The last film I ever did for the Last Frontier television series ended my relationship permanently with the “star” and producer of the series. As is often the case on many film productions, the star of a show is a prima donna! Such was the case with our “star”! A legend in his own mind, he had read too much of his own press literature and believed it! He was rude and demanding and prone to tantrums and the crew always tried to avoid his ego spurred wrath whenever possible. Unfortunately he liked me and subsequently I was forced to travel in his personal expedition vehicle and sit with him at every meal while on a project, constantly enduring one endless tale of heroic daring do after another. All these yarns carried a similar thread of story in which he would invariably cheat death, beating insurmountable odds of ever living and once again be the hero! Heaven help us if there was a woman anywhere near during these long winded accounts as the tales would become even more absurd and grandiose in his effort to impress the lady. I was teased irreverently by the other crew members even though they knew I was saving them from suffering the same fate of enduring long evenings of nauseating boredom from our “ego gushing” star!
On this particular film we were to explore the world above and beneath the dark waters of the Florida Everglades. We worked hard on this film shooting the myriad of aquatic life abundant in this saw grass jungle while zipping around in noisy airplane propeller driven air boats. We filmed a wide array of unusual bird life, turtles, snakes and alligators above and beneath the waters. We participated in the exciting capture and relocation of several large alligators that were becoming a nuisance in certain areas of the everglades parks. During the several days of this particular project I was once again subjected to numerous tales from the “star” expounding at great length on how he had avoided near death on frequent occasions while living and working in the darkest jungles of Africa. One story he repeated often was of waking up one morning and finding a deadly African black mamba snake in his sleeping bag and only through his keen sense of composer was he able to slowly extract himself from the sleeping bag before slaying the deadly snake.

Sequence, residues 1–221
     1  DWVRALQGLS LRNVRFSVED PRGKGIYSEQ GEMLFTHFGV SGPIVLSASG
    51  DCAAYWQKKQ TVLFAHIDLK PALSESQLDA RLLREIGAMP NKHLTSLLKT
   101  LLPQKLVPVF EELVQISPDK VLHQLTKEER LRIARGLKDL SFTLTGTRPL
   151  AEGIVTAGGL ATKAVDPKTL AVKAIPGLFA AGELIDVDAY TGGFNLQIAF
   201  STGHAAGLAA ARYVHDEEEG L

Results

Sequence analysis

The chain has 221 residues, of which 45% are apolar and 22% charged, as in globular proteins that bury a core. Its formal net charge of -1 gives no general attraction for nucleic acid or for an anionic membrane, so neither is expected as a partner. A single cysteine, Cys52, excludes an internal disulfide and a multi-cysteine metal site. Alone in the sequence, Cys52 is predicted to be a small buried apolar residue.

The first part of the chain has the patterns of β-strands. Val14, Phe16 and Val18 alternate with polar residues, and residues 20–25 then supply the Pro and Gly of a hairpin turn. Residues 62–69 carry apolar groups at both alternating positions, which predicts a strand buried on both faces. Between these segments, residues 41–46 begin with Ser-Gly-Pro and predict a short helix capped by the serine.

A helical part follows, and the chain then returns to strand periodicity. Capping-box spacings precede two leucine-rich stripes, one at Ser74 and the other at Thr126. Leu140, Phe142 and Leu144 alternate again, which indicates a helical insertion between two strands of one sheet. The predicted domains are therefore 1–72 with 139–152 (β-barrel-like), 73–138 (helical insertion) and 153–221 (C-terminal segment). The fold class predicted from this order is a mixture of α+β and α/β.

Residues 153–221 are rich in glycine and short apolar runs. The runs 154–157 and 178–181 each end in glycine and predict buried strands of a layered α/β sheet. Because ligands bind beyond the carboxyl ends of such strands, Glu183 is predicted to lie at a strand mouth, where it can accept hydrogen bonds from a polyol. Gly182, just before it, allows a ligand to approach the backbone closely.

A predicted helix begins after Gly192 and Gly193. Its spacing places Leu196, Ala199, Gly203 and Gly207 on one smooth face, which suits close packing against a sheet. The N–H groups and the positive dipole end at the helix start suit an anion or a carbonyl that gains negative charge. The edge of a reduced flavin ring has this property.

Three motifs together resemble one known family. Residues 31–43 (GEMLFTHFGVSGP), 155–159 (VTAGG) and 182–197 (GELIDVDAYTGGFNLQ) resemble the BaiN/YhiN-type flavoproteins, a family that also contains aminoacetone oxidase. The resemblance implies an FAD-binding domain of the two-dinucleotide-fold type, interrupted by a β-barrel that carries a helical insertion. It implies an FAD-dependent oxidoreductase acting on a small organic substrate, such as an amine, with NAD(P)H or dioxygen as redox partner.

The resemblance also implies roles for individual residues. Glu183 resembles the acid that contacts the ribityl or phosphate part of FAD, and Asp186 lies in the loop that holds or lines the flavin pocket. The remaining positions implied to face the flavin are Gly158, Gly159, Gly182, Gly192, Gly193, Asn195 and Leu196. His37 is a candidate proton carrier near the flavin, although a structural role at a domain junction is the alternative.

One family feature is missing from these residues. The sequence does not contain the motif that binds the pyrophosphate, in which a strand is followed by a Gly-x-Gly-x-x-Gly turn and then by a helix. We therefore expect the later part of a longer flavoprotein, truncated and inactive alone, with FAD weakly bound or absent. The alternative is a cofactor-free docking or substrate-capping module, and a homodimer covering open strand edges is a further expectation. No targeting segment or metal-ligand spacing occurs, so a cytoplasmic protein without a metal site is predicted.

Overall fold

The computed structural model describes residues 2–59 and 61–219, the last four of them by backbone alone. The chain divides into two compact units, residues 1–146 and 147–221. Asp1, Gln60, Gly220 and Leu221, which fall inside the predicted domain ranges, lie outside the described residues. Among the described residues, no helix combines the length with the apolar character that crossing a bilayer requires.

On the last day of filming we stopped at a backwater rustic cafe for lunch and there in a dusty display case I spotted the most lifelike rubber snake I had ever seen! A devious idea struck me immediately! I bartered with the owner until he finally sold it to me and I quickly secreted it in my camera bag which I always carried when working in the field. That afternoon we were shooting the last frames of the film to wrap up the project. The final scene was what the crew referred to as the star's “legend in his own mind” spot. It consisted of the sun setting behind our star while he stood precariously on the edge of a watery canal surrounded by thigh high saw grass. The camera was set up a short distance away on a small rise and the sound cable had been run down to the feet of the producer where it was connected to his clipped on microphone. The producer began his well worn dialogue, expanding on the theme of danger and excitement while exploring this seldom seen aquatic world. When he was done he grandly announced the project was a “wrap” and we all could pack up the gear and go home.
I quickly began picking up the sound cable, weaving my way through the tall saw grass until I found myself at the feet of our “star”. As I was bent over picking up the last of the cable I carefully slid my large rubber snake out of my camera bag. Suddenly I began rustling the grass at the producer's feet and shouted “Hey boss, What's this!” I stood up grasping the rubber snake by its mid section and held it's bouncing bobbing and realistic serpentine body inches from the poor man's face! He screamed! And then he screamed again! Each scream escalating to a high pitched hysterical crescendo while at the same time he began stumbling and staggering backward in an attempt to escape the “snake” still held in my hand! He fell down, stumbled to his feet again and turned and ran! Right smack into the camera and tripod held by the cameraman who had at this point kept the camera running to catch the “fun” for posterity. Our “star” did not stop running until he was another 50 yards away and only then did he slow and turn and then watched in slow comprehending disbelief while his entire 8 man crew held their belly's in laughter, some actually falling down in complete, weak in the knees, body shaking mirth.
He was not laughing! He was not smiling! He was pissed! And as I watched a florid red color crawl up his face and darken his angry eyes, I knew my tenure as a film assistant had suddenly come to an abrupt end on this project! Quickly a hush fell over the swamp as we all gathered up the remaining gear, each of us taking an exaggerated interest in our work, before hurrying off to the waiting boats. The good news was that I got banished to the last car in the expedition fleet and no longer had to endure the never ending drivel of the “star's” stories. For years in the underwater film industry my rubber snake would pop up in various and unique places around the world with members of that same crew! It was always greeted with great love and laughter. It was the rubber snake that brought humility to a “legend”!
Over the years I have seen Last Frontier episodes aired on television networks all over the world. I have never seen the footage of the rubber snake encounter on any of those death defying programs. Somehow, I doubt I ever will!